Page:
My only real gripe is with all of the angel name dropping. It would have made keeping up with the different angel names a bit easier- especially since the angels weren't entirely in play that much until the end of the book. I may have gotten this book for free, but I can guarantee that I'll be buying the next volume. I want to know where it goes from here.
This book had a conclusion much like others have said , but it does leave it open for the next book in the series. ARC provided by amazon vine Jun 04, Elisabeth rated it liked it. Dawn Miller's The Prophecy has a great cast of characters and a complicated plot--probably not the best choice for my first read-as-fast-as-you-can entry in the 48 hour book challenge. So, there's a war between good and evil um, angels and fallen angels but there are some humans who are really important to that war.
So far, so good--though it did take me some pages to figure that much out, at le cross-posted from my blog So far, so good--though it did take me some pages to figure that much out, at least with any clarity. The characters, though, make it: They are intriguing characters, and the slow pace of the novel there are nested flashbacks, which keeps a reader on her toes but, again, slows her down gives us time to try to get to know them. There's a lot going on here, and I don't want to give it all away. In a quick read, I give it about three out of five stars: And, as I said, there are some intriguing characters here, though some are better developed than others.
Jonah's at the center, which is fine, but I wanted more of Carly and Jenna, myself--Jenna's story, in particular, is tantalizingly hinted out but remains undeveloped. So, all in all, a fine way to start out the hour book challenge. May 12, Jess rated it it was ok Shelves: I won this book through Goodreads Giveaways. I would give this book a 2. I actually think it's a little violent to be read by the younger YA's, but oh well. This book is not really unique, the whole plot of the book is the essential battle of good vs.
The difference is that the people on the forefront of the battle, don't know what they are or who they are fighting. At this point they don't even know there's a war going on. As the tee I won this book through Goodreads Giveaways. As the teens are forced back together after a long separation, they struggle to remember bits of their past that they've forgotten.
In the process they are being hunted by something, the likes of which might not be human. Overall, I thought the book was a dichotomy. On one hand, it was a really classic idea of good vs. I really adored the prologue of this book. It pulled me in, and made me want to KNOW what was going on. The problem is that it didn't fulfill until the latter half of the book. The beginning crawled on, and was a bit confusing as the POV was consistently shifting between each of the teens. It was a little hard to keep up, and frankly it was a little boring to keep switching back and forth without any idea of what was going on.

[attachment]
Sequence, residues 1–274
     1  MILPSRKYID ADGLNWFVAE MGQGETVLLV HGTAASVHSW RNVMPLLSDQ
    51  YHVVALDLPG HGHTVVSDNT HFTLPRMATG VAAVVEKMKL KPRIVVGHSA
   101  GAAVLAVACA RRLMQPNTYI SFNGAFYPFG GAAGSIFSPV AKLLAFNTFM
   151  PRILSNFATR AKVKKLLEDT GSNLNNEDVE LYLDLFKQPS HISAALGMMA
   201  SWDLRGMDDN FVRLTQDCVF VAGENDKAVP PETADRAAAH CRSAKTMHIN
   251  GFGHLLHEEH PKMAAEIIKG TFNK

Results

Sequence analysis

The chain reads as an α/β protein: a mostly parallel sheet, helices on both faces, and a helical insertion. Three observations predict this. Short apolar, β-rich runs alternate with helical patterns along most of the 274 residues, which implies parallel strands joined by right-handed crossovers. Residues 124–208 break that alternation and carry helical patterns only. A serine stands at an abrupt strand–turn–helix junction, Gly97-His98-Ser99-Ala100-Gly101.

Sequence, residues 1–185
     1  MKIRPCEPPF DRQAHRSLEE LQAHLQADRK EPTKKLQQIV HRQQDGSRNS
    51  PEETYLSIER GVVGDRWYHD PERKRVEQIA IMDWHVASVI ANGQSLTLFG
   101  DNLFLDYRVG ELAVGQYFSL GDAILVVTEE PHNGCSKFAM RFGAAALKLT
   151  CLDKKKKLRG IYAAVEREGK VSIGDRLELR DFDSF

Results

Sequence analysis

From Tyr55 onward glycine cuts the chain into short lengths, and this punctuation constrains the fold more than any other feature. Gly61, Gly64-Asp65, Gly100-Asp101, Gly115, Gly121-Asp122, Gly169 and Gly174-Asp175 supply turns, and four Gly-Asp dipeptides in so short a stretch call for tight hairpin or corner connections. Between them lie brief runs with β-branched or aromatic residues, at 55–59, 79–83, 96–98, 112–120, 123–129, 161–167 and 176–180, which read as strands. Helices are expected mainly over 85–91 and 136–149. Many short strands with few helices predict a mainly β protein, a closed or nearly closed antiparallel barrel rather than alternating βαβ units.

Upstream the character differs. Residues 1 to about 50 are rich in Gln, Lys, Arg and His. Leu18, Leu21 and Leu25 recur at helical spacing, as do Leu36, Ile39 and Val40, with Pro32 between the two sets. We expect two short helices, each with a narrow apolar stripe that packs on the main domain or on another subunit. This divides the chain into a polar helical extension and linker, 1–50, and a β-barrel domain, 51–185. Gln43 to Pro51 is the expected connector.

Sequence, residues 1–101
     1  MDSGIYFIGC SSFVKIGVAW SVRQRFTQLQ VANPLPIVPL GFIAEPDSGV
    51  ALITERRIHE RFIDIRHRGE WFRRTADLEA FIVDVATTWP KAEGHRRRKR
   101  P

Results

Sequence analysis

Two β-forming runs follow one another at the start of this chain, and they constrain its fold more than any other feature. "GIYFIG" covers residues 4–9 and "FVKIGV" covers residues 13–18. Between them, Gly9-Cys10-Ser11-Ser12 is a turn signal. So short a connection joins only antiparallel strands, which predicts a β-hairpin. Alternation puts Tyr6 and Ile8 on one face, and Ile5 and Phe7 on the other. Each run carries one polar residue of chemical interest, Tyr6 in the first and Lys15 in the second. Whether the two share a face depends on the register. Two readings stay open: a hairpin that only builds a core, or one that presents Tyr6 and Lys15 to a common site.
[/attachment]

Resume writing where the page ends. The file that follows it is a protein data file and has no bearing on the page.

The second half of the book did get a little more interesting, but I'm not sure it was worth sitting through the first half of the book. I have no intention of reading the sequel, the book just didn't have enough in it to grab me or make me curious about what happens next. View all 4 comments. Jun 02, Lex rated it it was amazing Recommends it for: Usually I find them boring and hard to stay interested in, but as I read The Prophecy I found myself having a hard time putting it down instead of picking it up. I loved how the book showed the characters in their highest points and in their lowest points.
Also the book was so well written and used such a variety of words that I could actually picture the scene in my head! Although I am not the best reader and at some parts there was a lot going on, I felt that the story as a whole was magnificent!! But in The Prophecy the ending was satisfying yet cliffhanging. It leaves you knowing that there is still more to come. What an imagination you would have to have in order to think of using names like Shammah and Irinim!
Having such wild names lets us know how much thought the author has put into the story. This book over all is fantastic! Jul 03, Sarah is currently reading it. It's building up the characters and I'm anxious to see what is about to happen Aug 08, Ronnell Gibson rated it it was amazing. Riveted from the first page. A book I couldn't read alone at night. Some of the detail became confusing, and the timeline was hard to follow at some points, but it was exciting and creepy with well developed characters. Jun 01, Tara rated it it was ok.
Aug 21, Cristy rated it it was amazing Shelves: This is a book about faith, about conviction and definitely a book about the supernatural war between good and evil, God and the devil. A fictional paranormal read wrapped up with a good amount of biblical references and scripture and one that I thoroughly appreciated and enjoyed. Each of the first chapters introduces you to a new character and contains a ton of information with bits and pieces of lost memories from their past and an explanation of their current life situation.
I loved that all the characters felt so real and true to life. A mistake I will be sure not to duplicate when I up the next exciting installment in The Watchers Chronicles. I know I do! Aug 30, Audrey Graser rated it it was ok Shelves: YA Christian fantasy Where I got it: ODLC the e-book library One sentence: Five teens are reunited by a nightmare from their childhood and realize that their memories have been blocked by an evil force at work, and they must work together to stop it and uncover the truth.